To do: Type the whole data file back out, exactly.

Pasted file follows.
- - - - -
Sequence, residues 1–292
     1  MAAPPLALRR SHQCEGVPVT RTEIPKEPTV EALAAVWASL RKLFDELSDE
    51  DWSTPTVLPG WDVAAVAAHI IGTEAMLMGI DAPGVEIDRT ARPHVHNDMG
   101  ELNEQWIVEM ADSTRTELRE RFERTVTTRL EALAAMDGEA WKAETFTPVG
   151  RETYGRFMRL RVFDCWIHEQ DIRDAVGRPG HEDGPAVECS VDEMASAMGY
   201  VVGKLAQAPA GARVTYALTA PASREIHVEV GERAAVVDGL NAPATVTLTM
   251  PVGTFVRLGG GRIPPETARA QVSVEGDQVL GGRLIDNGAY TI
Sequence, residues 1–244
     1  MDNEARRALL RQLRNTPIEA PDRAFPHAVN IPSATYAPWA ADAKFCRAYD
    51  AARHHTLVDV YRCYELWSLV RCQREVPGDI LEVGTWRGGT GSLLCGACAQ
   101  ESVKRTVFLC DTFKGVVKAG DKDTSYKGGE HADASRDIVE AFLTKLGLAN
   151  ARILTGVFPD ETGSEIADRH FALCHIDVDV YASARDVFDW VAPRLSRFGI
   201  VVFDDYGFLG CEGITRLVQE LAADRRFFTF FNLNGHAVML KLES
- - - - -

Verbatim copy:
Sequence, residues 1–292
     1  MAAPPLALRR SHQCEGVPVT RTEIPKEPTV EALAAVWASL RKLFDELSDE
    51  DWSTPTVLPG WDVAAVAAHI IGTEAMLMGI DAPGVEIDRT ARPHVHNDMG
   101  ELNEQWIVEM ADSTRTELRE RFERTVTTRL EALAAMDGEA WKAETFTPVG
   151  RETYGRFMRL RVFDCWIHEQ DIRDAVGRPG HEDGPAVECS VDEMASAMGY
   201  VVGKLAQAPA GARVTYALTA PASREIHVEV GERAAVVDGL NAPATVTLTM
   251  PVGTFVRLGG GRIPPETARA QVSVEGDQVL GGRLIDNGAY TI
Sequence, residues 1–244
     1  MDNEARRALL RQLRNTPIEA PDRAFPHAVN IPSATYAPWA ADAKFCRAYD
    51  AARHHTLVDV YRCYELWSLV RCQREVPGDI LEVGTWRGGT GSLLCGACAQ
   101  ESVKRTVFLC DTFKGVVKAG DKDTSYKGGE HADASRDIVE AFLTKLGLAN
   151  ARILTGVFPD ETGSEIADRH FALCHIDVDV YASARDVFDW VAPRLSRFGI
   201  VVFDDYGFLG CEGITRLVQE LAADRRFFTF FNLNGHAVML KLES